Xiaomi is catching up to Huawei in western Europe’s smartphone market thanks to strong online marketing
- Worldwide, Xiaomi’s first quarter smartphone shipments increased 9 per cent year on year to 30.2 million units, bucking the global trend
- Huawei currently holds an 18 per cent market share in western Europe, down a few percentage points after a 40 per cent year on year decline in shipments
Chinese smartphone vendor Xiaomi may be losing ground to bigger rival Huawei Technologies in its domestic market, but in western Europe it is catching up thanks to strong online marketing that cushioned the impact of coronavirus on its sales efforts there, according to the latest data from research firm Canalys.
Xiaomi now accounts for 10 per cent of the market in western Europe after its smartphone shipments grew 79 per cent year-on-year in the first quarter, the only major vendor to achieve positive growth amid countrywide lockdowns imposed to limit the spread of the pandemic, Canalys said.
The growth spurt saw Xiaomi jump to fourth spot in the region, behind third-place Huawei which currently holds an 18 per cent market share in the region, down a few percentage points, after a 40 per cent year-on-year decline in shipments.
“The impact on smartphone channels is colossal,” Canalys analyst Vincent Thielke said in the report. “Omni-channel retailers in strict lockdown regions, such as Europe, are doing their best to shift offline store stock into online distribution channels.”
The acceleration to online shopping during lockdowns also boosted Xiaomi’s performance, according to Marta Pinto, research manager for the European mobile devices team at IDC. “The brand is expanding its own vendor stores and continues to build awareness through social media,” she said.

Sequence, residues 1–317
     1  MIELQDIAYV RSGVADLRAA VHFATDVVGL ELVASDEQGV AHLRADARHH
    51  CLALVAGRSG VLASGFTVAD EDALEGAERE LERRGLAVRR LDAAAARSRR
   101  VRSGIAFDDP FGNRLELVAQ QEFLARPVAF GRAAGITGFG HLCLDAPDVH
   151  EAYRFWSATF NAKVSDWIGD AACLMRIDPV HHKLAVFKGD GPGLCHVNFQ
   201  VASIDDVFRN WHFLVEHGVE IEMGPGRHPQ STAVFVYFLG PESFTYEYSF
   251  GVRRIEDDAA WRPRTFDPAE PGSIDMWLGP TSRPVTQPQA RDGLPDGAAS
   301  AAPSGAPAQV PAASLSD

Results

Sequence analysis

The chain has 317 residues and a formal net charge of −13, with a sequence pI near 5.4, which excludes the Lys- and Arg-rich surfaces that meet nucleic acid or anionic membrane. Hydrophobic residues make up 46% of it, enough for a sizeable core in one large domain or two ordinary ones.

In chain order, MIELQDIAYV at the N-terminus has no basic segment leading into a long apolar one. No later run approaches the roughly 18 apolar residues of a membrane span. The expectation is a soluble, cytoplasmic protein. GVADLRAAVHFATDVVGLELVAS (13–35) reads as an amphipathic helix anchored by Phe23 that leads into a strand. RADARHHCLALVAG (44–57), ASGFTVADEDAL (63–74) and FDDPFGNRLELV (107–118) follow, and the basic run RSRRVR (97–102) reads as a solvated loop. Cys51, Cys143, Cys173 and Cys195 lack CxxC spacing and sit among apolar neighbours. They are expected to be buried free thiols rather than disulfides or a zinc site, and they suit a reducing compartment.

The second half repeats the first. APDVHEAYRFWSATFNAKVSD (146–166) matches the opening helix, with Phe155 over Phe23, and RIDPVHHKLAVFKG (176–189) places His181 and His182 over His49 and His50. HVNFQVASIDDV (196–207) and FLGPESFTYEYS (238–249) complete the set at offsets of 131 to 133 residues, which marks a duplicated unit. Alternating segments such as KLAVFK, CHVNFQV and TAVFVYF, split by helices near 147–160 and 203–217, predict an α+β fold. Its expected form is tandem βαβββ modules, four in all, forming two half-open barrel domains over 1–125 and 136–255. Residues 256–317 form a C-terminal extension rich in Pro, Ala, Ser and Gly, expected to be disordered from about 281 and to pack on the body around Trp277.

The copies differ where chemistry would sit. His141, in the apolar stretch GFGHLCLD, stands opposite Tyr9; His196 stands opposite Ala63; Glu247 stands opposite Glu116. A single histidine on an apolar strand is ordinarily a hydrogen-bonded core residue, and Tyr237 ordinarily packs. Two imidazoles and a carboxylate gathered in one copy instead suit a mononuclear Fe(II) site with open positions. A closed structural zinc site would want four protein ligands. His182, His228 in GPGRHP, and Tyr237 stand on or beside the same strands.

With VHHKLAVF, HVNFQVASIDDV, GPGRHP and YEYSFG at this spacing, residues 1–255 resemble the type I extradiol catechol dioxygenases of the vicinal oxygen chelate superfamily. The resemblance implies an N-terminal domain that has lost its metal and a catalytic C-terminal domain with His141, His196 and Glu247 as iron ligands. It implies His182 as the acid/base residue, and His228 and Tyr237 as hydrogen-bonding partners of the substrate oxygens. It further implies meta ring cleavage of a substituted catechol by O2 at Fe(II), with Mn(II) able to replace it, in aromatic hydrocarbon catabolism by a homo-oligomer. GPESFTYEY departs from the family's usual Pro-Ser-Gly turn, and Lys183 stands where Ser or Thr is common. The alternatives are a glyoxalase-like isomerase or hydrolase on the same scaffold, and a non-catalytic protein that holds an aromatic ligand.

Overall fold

Canalys said Xiaomi’s first quarter smartphone shipments on a worldwide basis increased 9 per cent year on year to 30.2 million units, bucking the global trend that saw total industry shipments fall 13 per cent to 272 million units as dampened consumer sentiment and supply chain disruptions caused by the pandemic hurt sales.
Canalys added that “most smartphone companies expect Q2 to represent the peak of the coronavirus impact.”
“Few smartphone vendors were able to withstand the impact,” analyst Shengtao Jin said in the report. “Huawei was forced to juggle the dual impact of coronavirus and its ongoing US Entity List problems … Its overseas shipments plummeted 35 per cent as it launched its first P series handset family without Google Mobile Services, the P40.”
Huawei, a leader in next generation 5G networks, is considered a national security threat by Washington, which has restricted the Chinese company’s access to US products and services, including semiconductors and Google’s apps like Gmail and YouTube. That has hampered its ability to sell smartphones to western consumers.
However, it is a different story in Huawei’s domestic market. The company was the only major Chinese smartphone vendor to achieve positive year-on-year growth in the first quarter, when overall industry sales plummeted 22 per cent – the largest year-on-year decline on record – on the impact of the coronavirus.
Conversely, Xiaomi’s domestic smartphone shipments declined the most among the major players in the Chinese market, with a 35 per cent year-on-year drop that saw its market share edge down from 11 per cent in the first quarter last year to 9 per cent in the same period this year.
Additional reporting by Che Pan